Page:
Featured in Oxford University’s International Careers booklet
This winter I was invited to contribute my ongoing career story to the Oxford University’s International Careers booklet 2015. Here is the transcript from the publication.
by Citt Williams
It was early November 2009 and the wind off the Gobi was blowing so hard our radio microphone was next to useless. Sharp quartz sand crystals whipped at our frozen faces, stinging any part of the cheek visible. I focused the video camera on Mr Bazarvaani, our host in his traditional Mongolian del and embossed leather boots. His face told a thousand stories with its deep smile lines and wise but furrowed brow. He flicked a glance at his large cashmere goat flock beyond the small fence nearby and back at the Japanese scientists who were crouched assessing the fragile tuffs of dancing grass.
“This is Tsahildag. This is Hazaar and this is Khyalgana,” he said through the translator. “These are the native grasses of Mongolia.”
That autumn sleeping under heavy camel wool blankets, I was at the end of a long creation period of Indigenous–led documentaries evidencing climate change and traditional environmental assessments for the United Nations University. Travelling light with a pelican case housing a camera kit and editing laptop, I worked with colleagues of many different lands and languages. From the sacred rainforest of Borneo to the high permafrost plains of Southern Siberia, we methodologically documented diverse traditional perspectives on socio-ecological change and customary environmental governance. Each story, each digitally amplified voice contributing to the growing global plexus of what Aaron Corn broadly refers to as the ‘indigital revolution’.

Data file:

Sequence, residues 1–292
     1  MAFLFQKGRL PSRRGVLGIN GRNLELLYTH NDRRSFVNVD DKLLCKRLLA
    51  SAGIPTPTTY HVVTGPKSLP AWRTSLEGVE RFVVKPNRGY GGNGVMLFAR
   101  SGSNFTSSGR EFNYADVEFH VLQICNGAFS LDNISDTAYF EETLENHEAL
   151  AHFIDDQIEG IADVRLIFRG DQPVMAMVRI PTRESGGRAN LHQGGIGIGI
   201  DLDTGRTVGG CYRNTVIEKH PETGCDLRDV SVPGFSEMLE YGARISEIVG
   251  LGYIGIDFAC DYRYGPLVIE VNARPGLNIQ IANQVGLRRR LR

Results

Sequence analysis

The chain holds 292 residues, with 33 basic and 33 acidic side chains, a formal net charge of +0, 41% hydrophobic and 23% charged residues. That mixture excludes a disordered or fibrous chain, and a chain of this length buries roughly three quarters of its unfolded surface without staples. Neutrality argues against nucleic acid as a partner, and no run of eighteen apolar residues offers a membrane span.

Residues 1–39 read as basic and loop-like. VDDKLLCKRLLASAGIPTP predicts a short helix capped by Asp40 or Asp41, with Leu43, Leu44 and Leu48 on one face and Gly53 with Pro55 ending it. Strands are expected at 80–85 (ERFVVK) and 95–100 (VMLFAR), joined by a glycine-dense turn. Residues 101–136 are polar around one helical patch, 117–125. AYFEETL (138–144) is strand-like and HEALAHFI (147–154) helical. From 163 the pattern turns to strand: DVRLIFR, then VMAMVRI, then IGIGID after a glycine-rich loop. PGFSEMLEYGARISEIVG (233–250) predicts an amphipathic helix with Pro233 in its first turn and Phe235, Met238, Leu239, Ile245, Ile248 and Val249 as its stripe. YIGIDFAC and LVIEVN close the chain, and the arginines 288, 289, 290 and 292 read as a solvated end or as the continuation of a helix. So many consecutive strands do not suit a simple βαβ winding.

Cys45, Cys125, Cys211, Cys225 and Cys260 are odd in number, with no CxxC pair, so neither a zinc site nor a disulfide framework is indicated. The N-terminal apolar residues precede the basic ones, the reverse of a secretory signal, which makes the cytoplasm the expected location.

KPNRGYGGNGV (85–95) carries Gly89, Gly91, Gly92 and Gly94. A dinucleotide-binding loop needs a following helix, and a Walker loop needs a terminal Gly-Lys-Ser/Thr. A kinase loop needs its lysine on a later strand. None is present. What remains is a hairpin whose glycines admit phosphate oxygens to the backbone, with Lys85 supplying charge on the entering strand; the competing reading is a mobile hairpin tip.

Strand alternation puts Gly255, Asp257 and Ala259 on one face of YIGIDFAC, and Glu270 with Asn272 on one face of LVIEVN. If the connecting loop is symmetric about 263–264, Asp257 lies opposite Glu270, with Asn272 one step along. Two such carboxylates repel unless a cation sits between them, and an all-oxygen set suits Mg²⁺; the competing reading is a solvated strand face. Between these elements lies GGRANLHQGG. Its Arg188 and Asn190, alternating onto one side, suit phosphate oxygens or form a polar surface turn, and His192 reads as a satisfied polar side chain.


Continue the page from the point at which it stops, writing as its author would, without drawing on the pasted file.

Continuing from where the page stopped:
Getting into this kind of unusual academic position has resulted from proactive passion, listening curiously and hard work. My career background is an assemblage of business, film arts and climate science degrees and years of lovingly taking communications jobs amongst patient indigenous leaders and storytellers in the deserts, forests, mountains and saltwater countries of our world.
Certainly the work is rewarding as are the remarkable creative friendships accumulated along the way. But if you think this creative arts & science line of work is for you, there are firstly some things to consider. If you are OK with having no job security, if you are OK with working for long periods in harsh remote areas with (initial) strangers who do not speak, think or eat the same as you, if you are OK with unconventional project briefs or throwing the best of your mind and craftsmanship at some of the most wicked problems of this century and beyond… then brush up your people and language skills, hone your science and communications craft, get your booster shots and be ready to diversify your approach and ontology.